Poles and Germans continued to torment the Jews until they chased them to a swampy little river near the town. The Jews were ordered there to undress completely and to get up to their necks in the swamp. Sick and old men who could not obey these beastly orders were beaten up and thrown into even deeper swamps. […]

From this day on, a horrible chain of sufferings and torments began for the Jews. The Poles were the main tormentors, as they mercilessly beat men, women, and children, irrespective of their age. ( During house looting) Germans were accompanied by Poles, whose leader, Henryk Dziekonski, later would also distinguish himself with barbarity. He destroyed everything ( in our house) with an even greater ferocity. He broke tables, wardrobes, and candelabras. When they finished destroying things, they started beating my father. Escape was impossible because the house was surrounded by soldiers […]. Much more painful than the wounds and damages we suffered that evening was the awareness that our situation was much worse on account of the Polish population taking a hostile attitude towards the Jews. And they were becoming more active and bold in their persecutions. […].

Who will be able to survive this? Jews were like a defenceless lamb in the midst of a pack of wolves. One could feel, it was in the air, that the Polish population was getting ready for a pogrom. That’s why we had all decided that my mother should go and plead with the local priest, Aleksander Dolegowski, whom we knew well. We wanted him, as a spiritual leader of the community, to influence the believers not to take part in persecution of the Jews. But how big was our disappointment when the priest, with anger, replied: “It is well-known that every Jew, from the youngest to those 60 years old, are communists, and that he has no interest whatsoever to defend them.”  (…) his cruel heart did not soften and he said in the end that he cannot say anything good about the Jews, because his believers would throw mud on him. The same answer was received from all the other prominent Christian town citizens to whom Jews went to intervene in this matter.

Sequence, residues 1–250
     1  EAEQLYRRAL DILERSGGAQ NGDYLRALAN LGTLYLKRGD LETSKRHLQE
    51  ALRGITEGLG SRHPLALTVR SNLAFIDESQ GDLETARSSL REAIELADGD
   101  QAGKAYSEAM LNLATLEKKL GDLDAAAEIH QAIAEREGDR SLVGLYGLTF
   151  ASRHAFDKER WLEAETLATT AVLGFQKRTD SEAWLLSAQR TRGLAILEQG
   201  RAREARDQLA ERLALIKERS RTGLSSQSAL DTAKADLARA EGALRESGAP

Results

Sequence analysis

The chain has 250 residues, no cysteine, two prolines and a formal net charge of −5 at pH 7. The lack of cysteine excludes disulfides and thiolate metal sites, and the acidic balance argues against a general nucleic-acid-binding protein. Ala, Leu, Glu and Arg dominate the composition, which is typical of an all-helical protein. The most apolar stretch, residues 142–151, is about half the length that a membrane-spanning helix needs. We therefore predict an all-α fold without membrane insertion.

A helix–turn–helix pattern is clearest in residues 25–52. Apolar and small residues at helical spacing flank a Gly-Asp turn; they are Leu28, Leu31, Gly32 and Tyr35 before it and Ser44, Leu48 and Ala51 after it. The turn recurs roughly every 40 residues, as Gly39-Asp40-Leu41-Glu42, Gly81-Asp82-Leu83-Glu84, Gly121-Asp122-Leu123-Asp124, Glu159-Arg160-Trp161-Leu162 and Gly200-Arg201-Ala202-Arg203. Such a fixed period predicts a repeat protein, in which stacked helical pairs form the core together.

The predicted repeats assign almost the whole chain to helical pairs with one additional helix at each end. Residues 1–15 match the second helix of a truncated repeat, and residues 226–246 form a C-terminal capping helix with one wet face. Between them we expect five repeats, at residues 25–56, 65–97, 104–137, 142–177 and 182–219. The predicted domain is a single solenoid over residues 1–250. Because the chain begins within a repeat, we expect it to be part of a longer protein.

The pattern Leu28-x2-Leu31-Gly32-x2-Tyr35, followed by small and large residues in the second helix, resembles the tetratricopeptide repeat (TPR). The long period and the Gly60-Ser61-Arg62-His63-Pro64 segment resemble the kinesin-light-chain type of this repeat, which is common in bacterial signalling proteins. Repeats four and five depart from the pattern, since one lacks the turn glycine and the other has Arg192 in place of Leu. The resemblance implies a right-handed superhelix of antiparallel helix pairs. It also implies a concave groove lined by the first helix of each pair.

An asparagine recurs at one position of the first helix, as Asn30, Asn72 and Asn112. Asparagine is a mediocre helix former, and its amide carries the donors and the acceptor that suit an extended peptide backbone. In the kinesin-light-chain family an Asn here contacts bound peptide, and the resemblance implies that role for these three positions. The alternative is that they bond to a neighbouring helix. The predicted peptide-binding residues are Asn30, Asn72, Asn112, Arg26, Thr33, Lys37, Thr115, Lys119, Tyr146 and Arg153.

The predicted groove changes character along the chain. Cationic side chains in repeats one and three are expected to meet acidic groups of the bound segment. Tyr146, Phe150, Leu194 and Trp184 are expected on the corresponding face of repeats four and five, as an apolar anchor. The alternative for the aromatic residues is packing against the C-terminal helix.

The consequences of these answers were not long in coming. On the very next day squads of young Polish sons were organized: Kosmaczewski brothers, Jozef, Anton, and Leon, Feliks Mordasiewicz, Kosak, Ludwik Weszczewski [?] and others who inflicted terrible moral and physical pain on frightened and miserable Jews. From morning till night they led old Jews, laden with sacred books, to a nearby river. They were sent on their march by crowds of Christian women, children and men. When they got to the river the Jews had to throw their books into water. They also had to lie down, get up, hide their heads, swim, and perform other idiotic exercises. Spectators laughed loudly and applauded. Murderers stood over their victims and beat them mercilessly if they didn’t execute an order. They also took women and girls and ordered them to get wet in the river. On the way back, squads armed with sticks and iron bars surrounded the tired, barely-alive Jews and gave them a beating. And when one of the tortured protested and refused to obey orders, they threatened and cursed them, that they would be taken to account for this soon, and they beat him so that he lost consciousness.